stanzas:  1   2   3   4   5   6   7   8   9   10   11   12   13   14   15   16   17   18   19   20   21   22   23   24   25   26   27   28   29   30   31   32   33   34   35   36   37   38   39   40   41   42   43   44   45   46   47   48   49   50   51   52   53   54   55   56   57   58   59   60   61   62   63   64   65   66   67   68   69   70   71 

Skj: Einarr Skúlason: 6. Geisli, 1153 (AI, 459-73, BI, 427-45)

SkP info: VII, 9

old edition introduction edition manuscripts transcriptions concordance search files

3 — ESk Geisl 3VII

edition interactive full text transcriptions old edition references concordance


Cite as: Martin Chase (ed.) 2007, ‘Einarr Skúlason, Geisli 3’ in Margaret Clunies Ross (ed.), Poetry on Christian Subjects. Skaldic Poetry of the Scandinavian Middle Ages 7. Turnhout: Brepols, p. 9.

Siðar heilags brá sólar
— setrs vas þat fyr betra
auðfinnǫndum annars
ómjós rǫðuls — ljósi.
Œztr þrifnuðr réð efnask
oss, þás líf á krossi
jarðar allra fyrða
ónauðigr tók dauða.

{Ljósi {sólar heilags siðar}} brá; þat vas {auðfinnǫndum} fyr {betra {ómjós setrs annars rǫðuls}}. Œztr þrifnuðr réð efnask oss, þás tók ónauðigr líf allra fyrða jarðar dauða á krossi.

{The light {of the sun of holy faith}} [= God > = Christ] was extinguished; {for finders of riches} [MEN] that preceded {the better [light] {of the not-small abode of another sun}} [SKY/HEAVEN > = God (= Christ)]. The best prosperity decided to bring itself to us when he, willing, won the life of all the men of earth through death on a cross.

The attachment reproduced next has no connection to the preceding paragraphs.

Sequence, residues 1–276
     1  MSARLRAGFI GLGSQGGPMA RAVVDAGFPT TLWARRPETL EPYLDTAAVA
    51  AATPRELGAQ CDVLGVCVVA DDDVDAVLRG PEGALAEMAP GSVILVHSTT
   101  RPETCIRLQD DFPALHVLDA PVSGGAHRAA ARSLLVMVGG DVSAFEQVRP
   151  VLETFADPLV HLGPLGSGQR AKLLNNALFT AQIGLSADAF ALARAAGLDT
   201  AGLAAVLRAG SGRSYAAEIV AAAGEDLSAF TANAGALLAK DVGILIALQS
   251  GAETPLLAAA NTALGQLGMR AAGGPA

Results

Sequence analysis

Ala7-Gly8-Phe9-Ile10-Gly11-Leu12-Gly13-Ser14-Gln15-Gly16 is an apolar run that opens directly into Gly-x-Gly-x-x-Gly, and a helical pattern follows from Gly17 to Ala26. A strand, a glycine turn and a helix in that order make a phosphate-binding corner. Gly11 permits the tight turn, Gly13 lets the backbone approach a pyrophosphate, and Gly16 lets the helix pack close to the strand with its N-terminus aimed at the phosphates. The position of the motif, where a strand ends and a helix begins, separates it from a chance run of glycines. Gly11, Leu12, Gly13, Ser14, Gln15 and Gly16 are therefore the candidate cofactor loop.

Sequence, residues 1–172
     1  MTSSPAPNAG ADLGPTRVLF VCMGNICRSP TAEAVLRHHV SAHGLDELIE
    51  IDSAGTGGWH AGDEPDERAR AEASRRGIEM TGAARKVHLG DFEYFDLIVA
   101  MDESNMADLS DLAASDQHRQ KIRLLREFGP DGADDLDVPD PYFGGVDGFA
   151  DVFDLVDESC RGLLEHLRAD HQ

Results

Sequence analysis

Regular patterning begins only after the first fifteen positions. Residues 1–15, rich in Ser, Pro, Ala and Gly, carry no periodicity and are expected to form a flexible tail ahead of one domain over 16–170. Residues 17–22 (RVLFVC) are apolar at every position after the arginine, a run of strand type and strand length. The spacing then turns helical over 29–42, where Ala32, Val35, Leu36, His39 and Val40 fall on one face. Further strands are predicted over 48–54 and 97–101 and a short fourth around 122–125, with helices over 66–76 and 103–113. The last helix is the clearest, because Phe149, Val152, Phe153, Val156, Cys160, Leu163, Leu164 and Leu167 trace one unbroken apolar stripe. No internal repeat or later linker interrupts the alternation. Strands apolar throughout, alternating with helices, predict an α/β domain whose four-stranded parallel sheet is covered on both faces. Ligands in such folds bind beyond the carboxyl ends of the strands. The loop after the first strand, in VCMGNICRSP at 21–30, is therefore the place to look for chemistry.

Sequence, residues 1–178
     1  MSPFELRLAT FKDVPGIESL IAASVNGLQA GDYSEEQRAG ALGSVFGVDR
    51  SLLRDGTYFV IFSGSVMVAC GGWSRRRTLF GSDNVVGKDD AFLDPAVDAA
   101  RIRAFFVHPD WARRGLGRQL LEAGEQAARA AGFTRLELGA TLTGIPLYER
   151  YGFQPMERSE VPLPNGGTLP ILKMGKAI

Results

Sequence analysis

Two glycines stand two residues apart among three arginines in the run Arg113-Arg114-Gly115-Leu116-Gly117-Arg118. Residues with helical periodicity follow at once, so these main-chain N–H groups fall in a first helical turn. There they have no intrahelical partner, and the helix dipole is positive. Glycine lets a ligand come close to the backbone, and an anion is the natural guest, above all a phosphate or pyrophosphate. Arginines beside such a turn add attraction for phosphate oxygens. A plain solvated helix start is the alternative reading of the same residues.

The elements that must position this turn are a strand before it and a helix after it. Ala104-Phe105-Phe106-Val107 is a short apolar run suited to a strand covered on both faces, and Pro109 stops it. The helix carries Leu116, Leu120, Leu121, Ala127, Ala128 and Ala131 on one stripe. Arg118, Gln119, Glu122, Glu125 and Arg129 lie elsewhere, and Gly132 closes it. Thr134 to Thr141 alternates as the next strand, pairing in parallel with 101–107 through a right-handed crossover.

Mss: Flat(2ra), Bb(117ra)

Readings: [2] setrs: setr Bb    [3] ‑finnǫndum (‘‑finnandum’): so Bb, ‘‑finnendum’ Flat    [4] ómjós (‘o mioss’): so Bb, ‘o míors’ Flat;    ljósi: so Bb, ‘liorsi’ Flat    [5] réð: nam Bb

Editions: Skj: Einarr Skúlason, 6. Geisli 3: AI, 459, BI, 427, Skald I, 211, NN §§927, 928, 2315A; Flat 1860-8, I, 1, Cederschiöld 1873, 1, Chase 2005, 53, 127-9.

Notes: [1] siðar ‘faith’: This edn, with Finnur Jónsson (Skj B) and Kock (Skald; NN §2315), reads this as the gen. sg. of the noun siðr ‘religious practice, faith’ and construes: Ljósi sólar heilags siðar brá ‘The light of the sun of holy faith was extinguished’. Another possibility is to read the first word with a long ‘i’, síðar, the comp. form of the adv. síð, with the sense Síðar brá sólar ljósi ‘Later, the light of the sun [= Christ] was destroyed’. Síðar is then a reference to the preceding st., and its initial position in st. 3 may suggest that it is meant as a transition between the two. For this reading, see Chase 2005, 53 and 127. The long form, síðar, is unmetrical, however, as resolution is required in position one to avoid a hypermetrical l. — [2] setrs ‘of the abode’: Flat’s reading requires the assumption of a noun (‘light’) for betra to qualify. Kock (NN §927; Skald) adopts Bb’s setr to give þat vas fyr betra setr ... ‘that was for [the purpose of] a better home ...’. — [2, 4, 3] betra ómjós setrs annars rǫðuls ‘the better [light] of the not-small abode of another sun’: This kenning is likely to refer to the new and more powerful light of the resurrected Christ by contrast with the kenning ljósi sólar heilags siðar ‘the light of the sun of holy faith’ in ll. 1, 4 where the reference is to Christ’s death at the Crucifixion. Alternatively, the phrase vas fyrir could mean ‘heralded’ and its object be understood simply as ‘the better light of heaven’ (so Skj B).

Runic data from Samnordisk runtextdatabas, Uppsala universitet, unless otherwise stated